In two months the Church will mark the 50th anniversary of this important document.  Over the next five weeks I'll review this very special document.  I encourage readers to read the document itself (available online at   under "resource library/Second Vatican Council").  But readers already know much that it teaches.  You see the principles of this document each Sunday, when you pray in church with your brothers and sisters at Mass.  In an attempt to make the basic ideas of SC come alive, I'll tell some stories and invite you to reflect on these themes.

REVIEWING HISTORY.  Sunday, November 22, 1964, 5:00 p.m. Mass in St. Wendelin Church, in the Carrick neighborhood of the city of Pittsburgh.  I am a 6th grader serving the last Mass in Latin.  I've forgotten which parish priest said the Mass (Msgr. Carl Hensler, the elderly pastor, or Father John Michaels, the young assistant).  With the other server I said the opening prayers at the foot of the altar in Latin, which Sister Mary Jude had helped us to memorize the previous year:  "Introibo ad altare Dei, ad Deum qui Laetificat iuventutem mean."  [In English, "I shall go up to the altar of God, the God who gives joy to my youth."]  The following week we began a "hybrid" Mass, part Latin, part English.  Within four years we were fully in English.

The Constitution on the Sacred Liturgy may have been the first document approved by Vatican II, but it had a 100 year history of preparation.  In the 19th century German Benedictine monks began reading the ancient liturgical texts in their dusty archives, and found a wealth of information about how the Catholic Church celebrated Mass in the different centuries.  They also found how the Mass prayers changed over time.  This "liturgical movement" expanded to France, Britain and the U.S.  By 1947 it was endorsed by Pope Pius XII, who made some changes to the Easter Vigil in 1955.  The monks and scholars looked backward in time, to learn better the various traditions of prayer, particularly of the sacraments.  They also faced forward, in "aggiornamento," (an Italian word which means bringing things up to date, sometimes also translated as "opening the windows").  Pope John XXIII, who called for the Second Vatican Council in 1959, wanted the Church to be open to the modern world, while always retaining and renewing its venerable traditions.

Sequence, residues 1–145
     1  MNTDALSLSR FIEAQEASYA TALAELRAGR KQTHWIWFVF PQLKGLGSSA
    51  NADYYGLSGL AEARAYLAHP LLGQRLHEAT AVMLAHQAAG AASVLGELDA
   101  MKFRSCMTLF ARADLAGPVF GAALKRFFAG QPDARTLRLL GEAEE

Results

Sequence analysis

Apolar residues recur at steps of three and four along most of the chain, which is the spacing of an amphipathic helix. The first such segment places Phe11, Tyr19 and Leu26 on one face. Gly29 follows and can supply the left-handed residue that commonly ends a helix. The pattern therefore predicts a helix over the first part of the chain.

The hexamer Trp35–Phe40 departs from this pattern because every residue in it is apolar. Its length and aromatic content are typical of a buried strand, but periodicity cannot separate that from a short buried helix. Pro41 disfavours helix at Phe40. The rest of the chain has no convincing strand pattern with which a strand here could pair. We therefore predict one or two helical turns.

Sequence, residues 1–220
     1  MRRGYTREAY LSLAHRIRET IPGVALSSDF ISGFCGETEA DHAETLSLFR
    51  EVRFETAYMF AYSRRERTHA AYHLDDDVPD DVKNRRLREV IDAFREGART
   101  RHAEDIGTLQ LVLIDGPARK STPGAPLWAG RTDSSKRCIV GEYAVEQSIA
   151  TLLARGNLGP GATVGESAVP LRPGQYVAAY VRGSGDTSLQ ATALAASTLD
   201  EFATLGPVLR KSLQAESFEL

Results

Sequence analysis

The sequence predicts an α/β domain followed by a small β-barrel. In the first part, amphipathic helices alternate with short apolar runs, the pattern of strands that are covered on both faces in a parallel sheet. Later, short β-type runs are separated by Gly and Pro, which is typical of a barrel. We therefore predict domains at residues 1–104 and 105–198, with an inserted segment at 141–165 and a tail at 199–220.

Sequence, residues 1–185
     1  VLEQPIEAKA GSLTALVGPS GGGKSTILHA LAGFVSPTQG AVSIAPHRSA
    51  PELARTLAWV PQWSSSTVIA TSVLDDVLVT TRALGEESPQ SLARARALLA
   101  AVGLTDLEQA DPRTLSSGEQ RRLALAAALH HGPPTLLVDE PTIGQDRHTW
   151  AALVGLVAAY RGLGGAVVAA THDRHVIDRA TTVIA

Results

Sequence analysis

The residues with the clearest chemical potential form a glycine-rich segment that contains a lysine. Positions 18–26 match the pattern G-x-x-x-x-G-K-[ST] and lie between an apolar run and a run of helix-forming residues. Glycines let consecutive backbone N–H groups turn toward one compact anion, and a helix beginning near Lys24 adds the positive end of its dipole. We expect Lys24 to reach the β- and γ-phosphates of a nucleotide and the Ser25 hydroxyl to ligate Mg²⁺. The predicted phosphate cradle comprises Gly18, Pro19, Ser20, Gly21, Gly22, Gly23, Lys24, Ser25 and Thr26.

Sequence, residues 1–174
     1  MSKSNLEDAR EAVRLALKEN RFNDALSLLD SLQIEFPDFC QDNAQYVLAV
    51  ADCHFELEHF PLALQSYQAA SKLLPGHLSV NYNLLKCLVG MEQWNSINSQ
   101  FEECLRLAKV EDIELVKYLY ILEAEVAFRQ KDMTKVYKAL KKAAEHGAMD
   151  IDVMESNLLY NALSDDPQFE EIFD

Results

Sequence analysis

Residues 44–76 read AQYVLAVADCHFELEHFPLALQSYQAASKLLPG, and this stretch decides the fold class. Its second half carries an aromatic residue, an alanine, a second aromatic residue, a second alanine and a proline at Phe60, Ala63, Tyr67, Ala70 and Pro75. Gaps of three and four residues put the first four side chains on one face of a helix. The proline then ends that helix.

"FULL, ACTIVE AND CONSCIOUS PARTICIPATION".  The St. Paul Seminary chapel in the 1970s was a large airy room on the second floor of the DPC building.  Each of us seminarians had his own prie-dieu (kneeler) and chair.  But at Mass we were invited by our priests, Msgr. Don Kraus and Father George Saladna, at the Preface to leave our kneeler and place, and to come up into the sanctuary and stand in a semi-circle around the altar as the priest said the Eucharistic Prayer.  As my brother seminarians surrounded the altar, some kneeling and some standing in prayer, I intensely felt we were the body of Christ as we sang and responded to the presiding priest.

One of the key understandings which Vatican II taught was that the Mass, and all the sacraments, are celebrated by the whole church.  In the words of SC, we the baptized are "neither strangers nor silent spectators," but rather called to "full, active and conscious participation" in all rites.  The people of God participate using their voices in singing and in responding to the priest in dialogue, using their bodies by standing, kneeling or moving in processing, using their minds and souls while sitting or standing in attentive silence at the proclaiming of the Sacred Scriptures.  The priest is not the only one "working" during the Mass.  The various ministers carry out their respective ministries, and all people through the church participate and spiritually offer the sacrifice.